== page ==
PSO > PSO0 \( \approx \) PSO1 \( \approx \) PSO2

PSO > PSO2 \( \approx \) PSO1 > PSO0

\(F_{13}\)

PSO2 \( \approx \) PSO1 \( \approx \) PSO \( \approx \) PSO0

PSO > PSO0 \( \approx \) PSO1 \( \approx \) PSO2

PSO > PSO0 \( \approx \) PSO1 \( \approx \) PSO2

PSO > PSO1 \( \approx \) PSO0 \( \approx \) PSO2

\(F_{14}\)

PSO1 \( \approx \) PSO2 \( \approx \) PSO0 \( \approx \) PSO

PSO1 \( \approx \) PSO2 \( \approx \) PSO \( \approx \) PSO0

PSO \( \approx \) PSO1 \( \approx \) PSO2 \( \approx \) PSO0

PSO1 \( \approx \) PSO \( \approx \) PSO0 \( \approx \) PSO2

\(F_{15}\)

PSO0 \( \approx \) PSO2 \( \approx \) PSO1 \( \approx \) PSO

PSO0 \( \approx \) PSO2 \( \approx \) PSO1 > PSO

PSO1 \( \approx \) PSO2 \( \approx \) PSO0 \( \approx \) PSO

PSO1 \( \approx \) PSO2 > PSO \( \approx \) PSO0

\(F_{16}\)

PSO0 \( \approx \) PSO2 \( \approx \) PSO \( \approx \) PSO1

PSO2 \( \approx \) PSO \( \approx \) PSO1 \( \approx \) PSO0

PSO2 \( \approx \) PSO \( \approx \) PSO1 \( \approx \) PSO0

PSO \( \approx \) PSO0 \( \approx \) PSO2 \( \approx \) PSO1

\(F_{17}\)

PSO1 \( \approx \) PSO2 \( \approx \) PSO \( \approx \) PSO0

PSO > PSO0 \( \approx \) PSO2 \( \approx \) PSO1

PSO > PSO1 \( \approx \) PSO2 \( \approx \) PSO0

PSO > PSO2 \( \approx \) PSO1 > PSO0

\(F_{18}\)

PSO2 \( \approx \) PSO1 \( \approx \) PSO \( \approx \) PSO0

PSO > PSO1 \( \approx \) PSO2 \( \approx \) PSO0

PSO > PSO1 \( \approx \) PSO2 \( \approx \) PSO0

PSO > PSO1 \( \approx \) PSO2 \( \approx \) PSO0

\(F_{19}\)

PSO1 \( \approx \) PSO2 \( \approx \) PSO0 \( \approx \) PSO

PSO2 \( \approx \) PSO0 \( \approx \) PSO1 \( \approx \) PSO

PSO2 \( \approx \) PSO0 \( \approx \) PSO1 \( \approx \) PSO

PSO0 \( \approx \) PSO1 \( \approx \) PSO2 \( \approx \) PSO

\(F_{20}\)

PSO \( \approx \) PSO2 \( \approx \) PSO1 \( \approx \) PSO0

PSO > PSO1 \( \approx \) PSO2 \( \approx \) PSO0

PSO > PSO2 \( \approx \) PSO1 \( \approx \) PSO0

PSO > PSO2 \( \approx \) PSO1 > PSO0

\(F_{21}\)

PSO2 \( \approx \) PSO1 \( \approx \) PSO0 \( \approx \) PSO

PSO > PSO1 \( \approx \) PSO2 > PSO0

PSO1 > PSO > PSO2 > PSO0

PSO0 > PSO2 > PSO > PSO1

\(F_{22}\)

PSO0 \( \approx \) PSO2 \( \approx \) PSO1 \( \approx \) PSO

PSO2 \( \approx \) PSO1 \( \approx \) PSO0 \( \approx \) PSO

PSO \( \approx \) PSO1 \( \approx \) PSO2 \( \approx \) PSO0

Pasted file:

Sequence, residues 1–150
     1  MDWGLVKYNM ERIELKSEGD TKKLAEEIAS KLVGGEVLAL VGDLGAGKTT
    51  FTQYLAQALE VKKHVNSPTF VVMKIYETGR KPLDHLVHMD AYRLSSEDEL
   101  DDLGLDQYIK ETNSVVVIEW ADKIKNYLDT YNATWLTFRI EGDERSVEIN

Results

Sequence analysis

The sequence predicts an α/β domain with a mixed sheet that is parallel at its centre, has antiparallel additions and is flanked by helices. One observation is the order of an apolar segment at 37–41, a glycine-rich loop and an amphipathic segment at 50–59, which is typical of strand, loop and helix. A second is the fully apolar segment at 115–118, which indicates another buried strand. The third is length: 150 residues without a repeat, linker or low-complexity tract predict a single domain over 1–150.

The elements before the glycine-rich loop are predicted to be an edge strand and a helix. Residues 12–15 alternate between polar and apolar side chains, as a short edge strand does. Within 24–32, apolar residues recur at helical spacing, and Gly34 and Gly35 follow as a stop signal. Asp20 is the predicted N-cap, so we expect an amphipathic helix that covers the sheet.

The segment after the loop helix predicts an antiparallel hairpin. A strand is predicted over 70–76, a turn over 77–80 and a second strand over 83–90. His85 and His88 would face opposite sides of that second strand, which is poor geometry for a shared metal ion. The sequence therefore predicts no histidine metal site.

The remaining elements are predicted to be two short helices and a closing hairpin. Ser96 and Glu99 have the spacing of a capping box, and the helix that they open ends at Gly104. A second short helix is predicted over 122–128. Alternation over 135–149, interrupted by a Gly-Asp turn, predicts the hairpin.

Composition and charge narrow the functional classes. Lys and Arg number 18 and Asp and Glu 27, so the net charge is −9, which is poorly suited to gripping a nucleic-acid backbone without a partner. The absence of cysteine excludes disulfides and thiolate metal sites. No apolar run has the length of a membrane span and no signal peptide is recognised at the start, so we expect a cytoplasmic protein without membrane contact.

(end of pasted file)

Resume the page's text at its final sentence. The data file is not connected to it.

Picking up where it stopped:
PSO \( \approx \) PSO1 \( \approx \) PSO0 \( \approx \) PSO2

\(F_{23}\)

PSO2 \( \approx \) PSO1 \( \approx \) PSO0 \( \approx \) PSO

PSO1 \( \approx \) PSO2 \( \approx \) PSO0 \( \approx \) PSO

PSO1 \( \approx \) PSO2 \( \approx \) PSO \( \approx \) PSO0

PSO2 \( \approx \) PSO1 \( \approx \) PSO \( \approx \) PSO0

\(F_{24}\)

PSO1 \( \approx \) PSO2 \( \approx \) PSO0 > PSO

PSO0 \( \approx \) PSO \( \approx \) PSO2 \( \approx \) PSO1

PSO \( \approx \) PSO0 \( \approx \) PSO2 \( \approx \) PSO1

PSO \( \approx \) PSO0 \( \approx \) PSO1 \( \approx \) PSO2

\(F_{25}\)

PSO1 \( \approx \) PSO2 \( \approx \) PSO \( \approx \) PSO0

PSO2 \( \approx \) PSO0 \( \approx \) PSO1 \( \approx \) PSO

PSO \( \approx \) PSO0 \( \approx \) PSO1 \( \approx \) PSO2

PSO2 \( \approx \) PSO1 \( \approx \) PSO \( \approx \) PSO0

\(F_{26}\)

PSO1 \( \approx \) PSO2 \( \approx \) PSO0 \( \approx \) PSO

PSO \( \approx \) PSO0 \( \approx \) PSO2 \( \approx \) PSO1

PSO \( \approx \) PSO0 \( \approx \) PSO2 \( \approx \) PSO1

PSO \( \approx \) PSO0 \( \approx \) PSO1 \( \approx \) PSO2

\(F_{27}\)

PSO0 \( \approx \) PSO2 \( \approx \) PSO1 \( \approx \) PSO

PSO0 \( \approx \) PSO2 \( \approx \) PSO \( \approx \) PSO1

PSO \( \approx \) PSO0 > PSO1 \( \approx \) PSO2

PSO \( \approx \) PSO0 \( \approx \) PSO2 \( \approx \) PSO1

\(F_{28}\)

PSO1 \( \approx \) PSO2 \( \approx \) PSO0 \( \approx \) PSO

PSO > PSO1 \( \approx \) PSO0 \( \approx \) PSO2

PSO > PSO2 \( \approx \) PSO0 \( \approx \) PSO1

PSO > PSO1 \( \approx \) PSO2 \( \approx \) PSO0

PSO0, PSO1, and PSO2 mean (PSO + basic method), (PSO + method 1), (PSO + method 1), respectively

PSO conventional PSO without any estimated convergence point. The symbols used in this table have same mean with Table 6

We select DE and PSO as our test baseline algorithms and combine them with our proposals with the parameter setting as described in Tables 4 and 5.

Unlike the Experiment 1, moving vectors are made using existing individuals not to increase fitness calculation cost. Since each target vector in DE generates a trial vector, we set the better one and the poor one as the terminal point and the starting point of a moving vector, respectively; a similar approach is used for PSO. It ensures that each individual can make one moving vector, i.e., the total number of moving vectors is set to the population size. These moving vectors are weighted and used to estimate a convergence point.